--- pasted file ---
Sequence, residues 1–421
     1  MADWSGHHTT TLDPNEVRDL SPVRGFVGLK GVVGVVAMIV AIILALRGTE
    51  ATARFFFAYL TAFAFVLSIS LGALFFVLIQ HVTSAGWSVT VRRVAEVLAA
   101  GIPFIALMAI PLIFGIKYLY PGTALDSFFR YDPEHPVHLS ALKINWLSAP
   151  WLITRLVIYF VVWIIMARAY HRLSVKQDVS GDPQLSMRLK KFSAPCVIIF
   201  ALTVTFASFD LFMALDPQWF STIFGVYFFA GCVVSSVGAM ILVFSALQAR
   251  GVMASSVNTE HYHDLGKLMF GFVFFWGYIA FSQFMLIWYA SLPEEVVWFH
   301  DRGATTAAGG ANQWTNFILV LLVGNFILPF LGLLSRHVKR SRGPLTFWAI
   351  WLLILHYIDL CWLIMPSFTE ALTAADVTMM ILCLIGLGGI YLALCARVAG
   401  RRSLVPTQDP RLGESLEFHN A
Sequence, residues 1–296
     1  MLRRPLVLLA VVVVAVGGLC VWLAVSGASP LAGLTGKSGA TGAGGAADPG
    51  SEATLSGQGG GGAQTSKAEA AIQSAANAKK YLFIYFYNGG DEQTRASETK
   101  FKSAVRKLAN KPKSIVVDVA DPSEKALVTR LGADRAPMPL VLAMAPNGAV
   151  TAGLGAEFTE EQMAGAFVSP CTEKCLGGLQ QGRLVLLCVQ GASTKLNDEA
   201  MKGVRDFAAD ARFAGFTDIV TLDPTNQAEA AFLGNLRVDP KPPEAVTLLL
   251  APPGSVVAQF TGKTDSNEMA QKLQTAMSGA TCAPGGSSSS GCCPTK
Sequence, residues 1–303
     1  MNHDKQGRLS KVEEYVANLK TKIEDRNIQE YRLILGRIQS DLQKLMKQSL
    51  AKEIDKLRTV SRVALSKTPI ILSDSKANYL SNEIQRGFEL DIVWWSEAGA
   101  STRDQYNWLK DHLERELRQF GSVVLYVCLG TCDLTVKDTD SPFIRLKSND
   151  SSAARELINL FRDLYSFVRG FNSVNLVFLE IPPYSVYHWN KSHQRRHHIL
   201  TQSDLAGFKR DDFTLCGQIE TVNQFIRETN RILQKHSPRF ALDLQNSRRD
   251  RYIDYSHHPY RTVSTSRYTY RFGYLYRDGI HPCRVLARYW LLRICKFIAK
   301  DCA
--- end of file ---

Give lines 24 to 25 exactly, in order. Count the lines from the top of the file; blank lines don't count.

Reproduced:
   251  RYIDYSHHPY RTVSTSRYTY RFGYLYRDGI HPCRVLARYW LLRICKFIAK
   301  DCA